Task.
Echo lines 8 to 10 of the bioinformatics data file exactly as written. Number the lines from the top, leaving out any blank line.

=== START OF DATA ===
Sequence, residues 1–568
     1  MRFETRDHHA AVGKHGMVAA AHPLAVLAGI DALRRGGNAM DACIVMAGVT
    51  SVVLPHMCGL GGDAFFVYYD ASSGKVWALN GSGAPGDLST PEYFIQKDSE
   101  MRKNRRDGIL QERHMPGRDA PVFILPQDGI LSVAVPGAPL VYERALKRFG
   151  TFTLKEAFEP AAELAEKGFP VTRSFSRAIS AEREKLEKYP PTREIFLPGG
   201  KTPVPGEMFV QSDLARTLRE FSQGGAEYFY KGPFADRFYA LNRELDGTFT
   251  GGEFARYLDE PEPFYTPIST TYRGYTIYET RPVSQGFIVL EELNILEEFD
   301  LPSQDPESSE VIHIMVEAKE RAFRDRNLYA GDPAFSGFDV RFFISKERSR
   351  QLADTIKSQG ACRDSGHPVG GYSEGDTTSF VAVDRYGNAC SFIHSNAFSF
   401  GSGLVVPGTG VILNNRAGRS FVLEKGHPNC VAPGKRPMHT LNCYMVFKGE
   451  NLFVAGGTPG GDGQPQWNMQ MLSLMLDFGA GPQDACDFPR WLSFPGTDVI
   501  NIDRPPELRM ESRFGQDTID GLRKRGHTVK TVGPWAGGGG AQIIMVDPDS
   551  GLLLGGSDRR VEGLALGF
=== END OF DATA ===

   301  LPSQDPESSE VIHIMVEAKE RAFRDRNLYA GDPAFSGFDV RFFISKERSR
   351  QLADTIKSQG ACRDSGHPVG GYSEGDTTSF VAVDRYGNAC SFIHSNAFSF
   401  GSGLVVPGTG VILNNRAGRS FVLEKGHPNC VAPGKRPMHT LNCYMVFKGE